Former Ottawa man killed in Libya was not an extremist, spokesman says: ‘He was absolutely normal’

TORONTO — A former resident killed in clashes in Benghazi was inside a building hit by a crude barrel bomb dropped by forces loyal to a Libyan general, a spokesman for a Canadian-Libyan group said Monday.

“Apparently a bomb fell on that building and the building collapsed on them,” said , a Canadian Libyan Community Association trustee who knew youth, whom he said was 20 or 21. “He wasn’t fighting.”

The attack killed , the son of a former Ottawa cleric who had appeared in an August 2014 video urging “an audience of Libyan Islamist fighters to take part in jihad,” according to a de-classified Canadian intelligence report.

A more recent report by the Canadian government’s Integrated Terrorism Assessment Centre, marked “top secret” but obtained under the Access to Information Act, said “continued to attract extremists” in 2014.

Allah loved you with martyrdom, which you had sought while you were still young

A notice posted on a Facebook page linked to the Shura Council of Benghazi Revolutionaries said Egwilla and another man had died “after a battle they waged against a group from the disbelieving forces,” according to the SITE Intelligence Group.

“Allah loved you with martyrdom, which you had sought while you were still young,” his uncle, Abdul Rahman Egwilla, wrote on Facebook, according to SITE. He said the death “raised the head of our entire family.”

The younger Egwilla had posted messages about jihad and Syrian al-Qaida propaganda on Facebook. A photo showed him wearing a camouflage vest. Reports said he was a member of a militia affiliated with the armed Islamist group Ansar al-Sharia.

But Misellati said Egwilla was not an extremist. “He was absolutely normal. He was in sports and mingling with his friends,” he said. The youth was a Canadian citizen, he said. “He was part of the community here. He was a nice guy.”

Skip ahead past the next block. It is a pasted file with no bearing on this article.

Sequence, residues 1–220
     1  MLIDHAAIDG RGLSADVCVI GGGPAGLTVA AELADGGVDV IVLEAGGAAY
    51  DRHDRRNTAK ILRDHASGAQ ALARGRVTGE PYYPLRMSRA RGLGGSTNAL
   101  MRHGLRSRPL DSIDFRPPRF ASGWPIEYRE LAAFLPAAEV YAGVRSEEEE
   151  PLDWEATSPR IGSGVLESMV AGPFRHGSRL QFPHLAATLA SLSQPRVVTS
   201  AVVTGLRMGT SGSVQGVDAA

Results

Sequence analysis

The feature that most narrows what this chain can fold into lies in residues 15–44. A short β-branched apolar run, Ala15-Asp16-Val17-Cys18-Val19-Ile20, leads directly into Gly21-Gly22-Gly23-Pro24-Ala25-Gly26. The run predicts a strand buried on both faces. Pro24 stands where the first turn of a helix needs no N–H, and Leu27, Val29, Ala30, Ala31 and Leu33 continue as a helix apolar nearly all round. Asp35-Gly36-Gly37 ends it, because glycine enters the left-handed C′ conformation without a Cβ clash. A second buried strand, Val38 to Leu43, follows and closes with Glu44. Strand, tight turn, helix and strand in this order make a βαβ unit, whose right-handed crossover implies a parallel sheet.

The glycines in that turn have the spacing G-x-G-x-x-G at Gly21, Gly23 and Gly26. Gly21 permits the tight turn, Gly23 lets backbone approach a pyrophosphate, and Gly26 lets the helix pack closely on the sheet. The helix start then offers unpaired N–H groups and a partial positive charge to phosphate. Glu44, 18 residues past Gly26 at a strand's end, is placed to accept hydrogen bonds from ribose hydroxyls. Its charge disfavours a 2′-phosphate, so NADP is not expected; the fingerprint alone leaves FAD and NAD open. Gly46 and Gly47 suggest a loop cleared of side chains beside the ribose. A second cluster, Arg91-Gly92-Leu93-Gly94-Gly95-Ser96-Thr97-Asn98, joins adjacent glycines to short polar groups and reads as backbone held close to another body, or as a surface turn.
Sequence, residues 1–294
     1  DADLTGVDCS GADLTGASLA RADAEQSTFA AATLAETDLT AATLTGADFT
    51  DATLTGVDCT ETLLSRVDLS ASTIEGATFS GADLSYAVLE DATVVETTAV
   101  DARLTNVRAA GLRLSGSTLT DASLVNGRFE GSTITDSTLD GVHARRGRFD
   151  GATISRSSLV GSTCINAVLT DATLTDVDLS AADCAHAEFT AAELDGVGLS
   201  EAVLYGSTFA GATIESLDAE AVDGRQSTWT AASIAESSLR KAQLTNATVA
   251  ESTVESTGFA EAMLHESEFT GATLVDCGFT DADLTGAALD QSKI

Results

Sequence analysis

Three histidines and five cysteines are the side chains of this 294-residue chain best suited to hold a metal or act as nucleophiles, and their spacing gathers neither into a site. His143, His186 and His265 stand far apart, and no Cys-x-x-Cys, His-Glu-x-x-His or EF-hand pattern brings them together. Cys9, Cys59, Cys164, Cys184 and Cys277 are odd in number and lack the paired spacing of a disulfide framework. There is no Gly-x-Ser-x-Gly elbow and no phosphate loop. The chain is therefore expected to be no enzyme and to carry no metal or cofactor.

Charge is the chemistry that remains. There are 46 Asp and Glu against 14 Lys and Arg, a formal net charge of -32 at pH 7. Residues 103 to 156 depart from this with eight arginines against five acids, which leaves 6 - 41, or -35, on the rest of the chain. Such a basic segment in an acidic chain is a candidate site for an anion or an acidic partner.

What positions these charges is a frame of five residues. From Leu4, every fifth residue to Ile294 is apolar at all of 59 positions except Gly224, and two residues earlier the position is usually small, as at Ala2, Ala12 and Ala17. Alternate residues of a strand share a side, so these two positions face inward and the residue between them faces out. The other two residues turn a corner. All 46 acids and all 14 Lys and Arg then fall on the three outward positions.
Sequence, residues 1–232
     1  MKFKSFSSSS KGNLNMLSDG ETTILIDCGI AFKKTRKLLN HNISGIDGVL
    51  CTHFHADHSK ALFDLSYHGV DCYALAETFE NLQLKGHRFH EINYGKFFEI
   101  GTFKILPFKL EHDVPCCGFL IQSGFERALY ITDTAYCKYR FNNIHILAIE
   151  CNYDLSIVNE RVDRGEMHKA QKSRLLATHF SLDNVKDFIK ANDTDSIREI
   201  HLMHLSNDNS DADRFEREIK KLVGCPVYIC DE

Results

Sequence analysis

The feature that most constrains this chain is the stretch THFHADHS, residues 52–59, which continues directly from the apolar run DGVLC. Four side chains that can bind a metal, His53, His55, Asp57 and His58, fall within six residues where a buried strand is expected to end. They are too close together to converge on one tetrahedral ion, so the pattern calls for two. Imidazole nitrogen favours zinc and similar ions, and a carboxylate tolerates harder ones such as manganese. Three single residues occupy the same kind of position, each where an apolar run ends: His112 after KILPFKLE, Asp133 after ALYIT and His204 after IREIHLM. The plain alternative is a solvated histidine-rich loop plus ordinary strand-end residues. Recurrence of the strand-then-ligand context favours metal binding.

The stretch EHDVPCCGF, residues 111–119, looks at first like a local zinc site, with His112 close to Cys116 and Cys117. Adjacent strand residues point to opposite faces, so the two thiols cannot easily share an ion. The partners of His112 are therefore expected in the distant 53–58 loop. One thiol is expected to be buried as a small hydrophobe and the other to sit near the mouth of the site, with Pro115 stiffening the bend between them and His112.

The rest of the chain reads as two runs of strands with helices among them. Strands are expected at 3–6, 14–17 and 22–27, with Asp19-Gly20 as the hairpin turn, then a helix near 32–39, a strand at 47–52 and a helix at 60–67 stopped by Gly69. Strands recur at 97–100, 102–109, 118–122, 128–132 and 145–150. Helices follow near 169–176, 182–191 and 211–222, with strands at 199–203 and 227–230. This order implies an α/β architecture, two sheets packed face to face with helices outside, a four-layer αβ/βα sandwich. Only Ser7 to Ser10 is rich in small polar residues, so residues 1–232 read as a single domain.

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Egwilla was not born in , but arrived in 2000, he said. He stayed until finishing high school.

“He practically grew up here in Ottawa and he went back,” he said. “About two years ago he came back here by himself and stayed for some time to study English, I believe, to try to go to school here.”

But the young man returned to Libya once again.

“I don’t really know if his father was the reason for encouraging his own son to go fight,” Misellati said. But he said many Libyans were opposed to Libyan Gen. Khalida Haftar, whose forces reportedly killed the Canadian.

He said the general had no legitimacy because of his past role in the regime of dictator Col. Moammar Gadhafi and insisted that Benghazi would not accept the new United Nations-backed unity government until he was gone.

I don’t really know if his father was the reason for encouraging his own son to go fight

Misellati accused Gen. Haftar of brutally suppressing Benghazi residents and using barrel bombs, the same imprecise weapons employed by President Bashar Assad’s forces in Syria. “He is bombing his own people,” he said.

Appearing before the Senate National Security and Defence Committee Monday, the director of the Canadian Security Intelligence Service mentioned “another report yesterday or today in Libya” when asked how many Canadians had died while taking part in extremist activities abroad.

Michel Coulombe said 180 people “with a nexus to Canada” were active in overseas terrorism, including 100 in Syria and Iraq alone. Another 60 have returned to Canada, while 90 to 100 remain in Canada but intend to travel abroad.

“I don’t have the number of people who have died, but again we have to be extremely careful because I know of a number of occasions where people were reported to have been killed and resurfaced on Twitter,” Coulombe testified.

“So that’s why in our 180, the number of people overseas, we continue to count people who have reported to be killed until we have confirmation, because too many times we’ve seen that type of reporting that in the end was wrong.”

National Post

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